No TSG manager will enter operational management. But they work closely together, with the new shareholders there are three to four meetings a year. There are currently 30 colleagues working in the California office. Soon there will be its own production hall in the USA, so that US customers will obtain their bikes from there and have their own contact persons. US production is expected to start in the fourth quarter of this year at the latest. The goal: to conquer ten percent of the entire US bicycle market in five years, from mountain bikes to high-end racing bikes. "It's a big adventure," says Arnold. "We are setting an example in the USA, pioneering rapid change in the industry because there is no comparable direct mail company. This is hotly debated in specialist forums. And it's also a big challenge for us, because we know that the service expectations of American customers are very high."

And then Arnold thinks about something that would almost amount to a revolution once again: he seeks contact with his arch-enemies, the merchants. To date, the company advises to have maintenance and repair work carried out at the Canyon Service Center. "We have trained two-wheel mechanics there, who are constantly trained and educated. When purchasing the bike, our customers receive a voucher for a 50 point inspection at a special price. For the transport of the bike we can send you a return ticket on request or the bike can also be brought to our service centre."

In the future, it will also be possible to have the bike serviced by a local dealer. "This will be in 2017," Arnold promises. "We will provide our customers with certain highly qualified dealers who will enter into a service contract with us. This is a win-win situation for everyone. We offer our customers a fast service. And the dealers are happy about additional sales and the chance to sell accessories on the side. We pay in canyon dollars, which we then charge internally."

The boss also wants to slaughter other sacred cows. He used to say: "We only sell what we enjoy, not e-bikes". Now he announces a "sporty mountain bike with electric drive" for 2018. He has also invested more than a million euros in the development of specific women's frameworks because this target group is still neglected despite all claims to the contrary. On the one hand, there are product freaks and very ambitious athletes who want the right bike for every situation - training, competition - on the other hand. And then there are the universal cyclists who want a single bike for all situations. These include, for example, so-called gravel wheels, which roll like a racing bike with minimal resistance, but can also take gravel. They might be a big deal soon enough."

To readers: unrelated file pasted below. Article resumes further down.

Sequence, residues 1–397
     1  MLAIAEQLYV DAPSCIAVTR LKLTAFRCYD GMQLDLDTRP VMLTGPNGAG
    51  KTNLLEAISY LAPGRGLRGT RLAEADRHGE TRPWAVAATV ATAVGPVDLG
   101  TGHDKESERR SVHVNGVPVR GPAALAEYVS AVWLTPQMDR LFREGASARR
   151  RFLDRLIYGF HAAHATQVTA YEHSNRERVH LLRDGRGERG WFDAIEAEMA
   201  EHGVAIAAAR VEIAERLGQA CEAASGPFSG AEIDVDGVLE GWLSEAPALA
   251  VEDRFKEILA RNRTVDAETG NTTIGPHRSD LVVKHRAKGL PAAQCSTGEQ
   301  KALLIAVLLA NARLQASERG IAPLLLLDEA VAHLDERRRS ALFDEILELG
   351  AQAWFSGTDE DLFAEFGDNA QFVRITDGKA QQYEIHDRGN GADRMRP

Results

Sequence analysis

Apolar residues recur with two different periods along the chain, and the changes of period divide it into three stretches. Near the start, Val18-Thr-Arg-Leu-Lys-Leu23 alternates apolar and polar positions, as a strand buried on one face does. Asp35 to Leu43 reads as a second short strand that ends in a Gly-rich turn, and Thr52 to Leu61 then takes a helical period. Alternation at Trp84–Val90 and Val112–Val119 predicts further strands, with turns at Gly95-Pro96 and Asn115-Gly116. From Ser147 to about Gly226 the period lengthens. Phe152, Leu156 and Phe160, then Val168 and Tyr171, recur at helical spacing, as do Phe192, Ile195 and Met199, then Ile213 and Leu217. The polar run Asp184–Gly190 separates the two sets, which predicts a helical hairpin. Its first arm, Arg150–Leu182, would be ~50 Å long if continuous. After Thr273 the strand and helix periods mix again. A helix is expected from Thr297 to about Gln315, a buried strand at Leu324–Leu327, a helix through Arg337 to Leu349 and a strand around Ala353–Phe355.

There's no question about it: At 53, the man is still full of ideas. But the cancer diagnosis last year made him think a little more about it. He wants to spend more time with his wife and four children between the ages of four and 19, and has bought a VW bus that they sometimes use spontaneously on weekends.

However, he does not yet want to worry about the succession: "The best precaution is to position the company in such a way that it can survive in competition, or better still, that it is the leader. Then passing it on is not an issue, to whomever." Would he wish that one of the children would take over the steering wheel? "My little son calls out, "Dad, when I grow up, I'll buy the company from you.

Emergency plan for company owners.